The night before was filled with rage and defiance, clashes with police and a spreading tide of fear. Or at least that’s how it came across in the video highlights from Oklahoma City’s first significant protest Saturday in the wake of the death of George Floyd following his arrest by officers outside a shop in Minneapolis.

Then came word that Black Lives Matter, a controversial group of activists, would hold another protest Sunday in the northeast part of the city – home to historic black neighborhoods and scenes of enduring tension between citizens and police.

In the end, it was a peaceful gathering, attended by hundreds of people of many colors and by local politicians and other leaders. There were speeches and a one-and-a-half mile walk in the bright sun to the State Capitol. Whether it will lead to any changes or new understandings is unknown. Later, at night, there were flare-ups downtown with firecrackers and plastic water bottles thrown, but no violence. Images capture the mood of the daytime event.

The Signs

Hand-made signs marked the peaceful protest gathering outside of Nappy Roots Books in northeast Oklahoma City on sunny Sunday, May 31. (Whitney Bryen/Oklahoma Watch)
The Black Lives Matter protest in Oklahoma City on May 31 drew supporters of all races and ethnic backgrounds. (Whitney Bryen/Oklahoma Watch)
A woman holds a sign referencing three black people whose recent deaths have spurred protests across the country, including in Oklahoma City and Tulsa. (Whitney Bryen/Oklahoma Watch)
A woman cheers at a Black Lives Matter Protest in northeast Oklahoma City on May 31. The gathering was prompted by the killing of George Floyd, a black man in Minnesota. (Whitney Bryen/Oklahoma Watch)
Although the protest Sunday in Oklahoma City was peaceful, an underlying anger broke through in many signs accusing law enforcement in general of bias toward minority communities. (Whitney Bryen/Oklahoma Watch)
A woman reads her sign aloud to a friend who was filming her on a cell phone at the Black Lives Matter protest in Oklahoma City on May 31. (Whitney Bryen/Oklahoma Watch)

The People

A man holds up a peace sign while listening to a speakers at a Black Lives Matter protest in Oklahoma City on May 31. (Whitney Bryen/Oklahoma Watch)
Hundreds cheered at Sunday’s protest, prompted by the killing of George Floyd in Minneapolis on May 25. (Whitney Bryen/Oklahoma Watch)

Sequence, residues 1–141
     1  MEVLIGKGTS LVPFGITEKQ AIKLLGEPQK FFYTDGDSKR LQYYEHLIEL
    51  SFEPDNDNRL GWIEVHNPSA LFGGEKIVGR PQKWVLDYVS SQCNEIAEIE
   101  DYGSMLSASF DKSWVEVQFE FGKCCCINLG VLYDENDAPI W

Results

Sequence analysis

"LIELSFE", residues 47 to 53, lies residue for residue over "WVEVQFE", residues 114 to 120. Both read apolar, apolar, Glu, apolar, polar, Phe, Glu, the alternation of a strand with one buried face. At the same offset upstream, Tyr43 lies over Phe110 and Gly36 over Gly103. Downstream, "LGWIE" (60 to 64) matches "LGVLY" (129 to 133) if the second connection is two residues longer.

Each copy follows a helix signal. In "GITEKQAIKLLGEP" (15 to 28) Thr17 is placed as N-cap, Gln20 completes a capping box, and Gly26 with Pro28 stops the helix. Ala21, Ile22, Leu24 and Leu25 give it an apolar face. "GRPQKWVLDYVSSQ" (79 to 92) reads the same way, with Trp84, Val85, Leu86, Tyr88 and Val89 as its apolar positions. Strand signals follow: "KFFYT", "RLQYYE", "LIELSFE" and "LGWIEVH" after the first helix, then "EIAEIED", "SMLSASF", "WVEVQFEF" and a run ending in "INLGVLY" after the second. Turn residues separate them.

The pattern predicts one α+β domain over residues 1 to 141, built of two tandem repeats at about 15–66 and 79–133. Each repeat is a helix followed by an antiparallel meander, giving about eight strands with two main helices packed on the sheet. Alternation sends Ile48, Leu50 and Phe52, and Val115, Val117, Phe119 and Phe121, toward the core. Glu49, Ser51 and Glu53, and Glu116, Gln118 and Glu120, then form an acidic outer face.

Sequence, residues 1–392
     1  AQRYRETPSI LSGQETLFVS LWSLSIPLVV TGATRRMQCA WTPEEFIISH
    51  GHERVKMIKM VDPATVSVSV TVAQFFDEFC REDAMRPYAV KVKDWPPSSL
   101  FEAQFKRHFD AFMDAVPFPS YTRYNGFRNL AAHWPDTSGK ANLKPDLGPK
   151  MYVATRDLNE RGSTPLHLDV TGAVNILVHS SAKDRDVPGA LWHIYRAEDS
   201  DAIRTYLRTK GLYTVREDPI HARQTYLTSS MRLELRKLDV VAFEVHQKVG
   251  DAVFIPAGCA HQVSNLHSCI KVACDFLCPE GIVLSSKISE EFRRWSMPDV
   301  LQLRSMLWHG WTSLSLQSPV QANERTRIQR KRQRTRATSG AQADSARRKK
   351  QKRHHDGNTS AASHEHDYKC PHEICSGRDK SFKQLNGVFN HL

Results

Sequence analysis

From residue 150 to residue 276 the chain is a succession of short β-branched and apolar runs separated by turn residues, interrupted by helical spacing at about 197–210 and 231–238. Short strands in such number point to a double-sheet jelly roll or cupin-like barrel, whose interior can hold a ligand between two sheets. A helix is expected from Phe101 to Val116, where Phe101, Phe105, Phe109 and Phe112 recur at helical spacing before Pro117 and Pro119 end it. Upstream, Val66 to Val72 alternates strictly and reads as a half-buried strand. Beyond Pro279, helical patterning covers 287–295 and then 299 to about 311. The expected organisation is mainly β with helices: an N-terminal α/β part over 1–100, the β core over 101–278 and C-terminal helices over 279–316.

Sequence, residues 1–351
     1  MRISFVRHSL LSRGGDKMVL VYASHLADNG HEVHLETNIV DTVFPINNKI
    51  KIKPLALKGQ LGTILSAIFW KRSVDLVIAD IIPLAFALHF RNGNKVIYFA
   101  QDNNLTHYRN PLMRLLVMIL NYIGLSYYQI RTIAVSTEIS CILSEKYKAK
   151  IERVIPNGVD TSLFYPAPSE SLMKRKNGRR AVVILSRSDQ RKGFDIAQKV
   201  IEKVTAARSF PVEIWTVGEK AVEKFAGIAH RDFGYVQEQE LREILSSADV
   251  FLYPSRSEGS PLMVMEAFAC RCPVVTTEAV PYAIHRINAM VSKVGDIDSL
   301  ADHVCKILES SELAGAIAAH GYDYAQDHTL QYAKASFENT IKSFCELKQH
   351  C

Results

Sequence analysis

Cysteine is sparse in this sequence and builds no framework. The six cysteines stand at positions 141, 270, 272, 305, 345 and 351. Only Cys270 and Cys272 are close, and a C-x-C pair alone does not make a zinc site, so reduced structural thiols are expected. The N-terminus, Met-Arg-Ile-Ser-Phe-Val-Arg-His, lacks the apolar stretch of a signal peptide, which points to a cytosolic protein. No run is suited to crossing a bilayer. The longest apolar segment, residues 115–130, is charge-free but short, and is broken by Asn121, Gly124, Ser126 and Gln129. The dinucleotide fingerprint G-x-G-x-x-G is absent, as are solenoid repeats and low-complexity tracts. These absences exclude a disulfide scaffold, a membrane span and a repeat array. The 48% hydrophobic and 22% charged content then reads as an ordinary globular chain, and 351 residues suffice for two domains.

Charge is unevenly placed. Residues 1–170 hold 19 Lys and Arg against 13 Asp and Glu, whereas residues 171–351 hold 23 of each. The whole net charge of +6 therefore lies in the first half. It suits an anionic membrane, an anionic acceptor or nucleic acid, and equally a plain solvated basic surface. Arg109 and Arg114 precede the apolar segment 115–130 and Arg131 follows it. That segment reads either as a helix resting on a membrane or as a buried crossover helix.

A woman cheers at a Black Lives Matter Protest in northeast Oklahoma City on May 31. The gathering was prompted by the killing of George Floyd, a black man in Minnesota. (Whitney Bryen/Oklahoma Watch)
A man who introduced himself as Nitro asked protesters to avoid violence, chaos or yelling expletives about police during a Black Lives Matter gathering in Oklahoma City on May 31. (Whitney Bryen/Oklahoma Watch)
A woman pumps her fist in the air during Sunday’s protest gathering in northeast Oklahoma City. (Whitney Bryen/Oklahoma Watch)
Several Oklahoma City Latino residents showed support during the protest. (Whitney Bryen/Oklahoma Watch)

The Emotions

A man claps his hands and hangs his head while listening to a speaker share his recent experience of being pulled over by police. (Whitney Bryen/Oklahoma Watch)
Protesters pound their chests as they chant, “We can’t breathe” during a Black Lives matter gathering in Oklahoma City on May 31. (Whitney Bryen/Oklahoma Watch)
Protesters stood with their fists raised in the parking lot in front of Nappy Roots Books in northeast Oklahoma City. (whitney Bryen/Oklahoma Watch)
A woman holding a sign pumps her fist in support as a crowd of protesters chant, “Black lives matter.” (Whitney Bryen/Oklahoma Watch)
A woman points upward, as if to affirm a speaker or herald progress, during the Black Lives Matter gathering in northeast Oklahoma City. (Whitney Bryen/Oklahoma Watch)

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Whitney Bryen

Whitney Bryen is an investigative reporter and visual storyteller at Oklahoma Watch with an emphasis on domestic violence, mental health and nursing homes affected by COVID-19. Contact her at (405) 201-6057...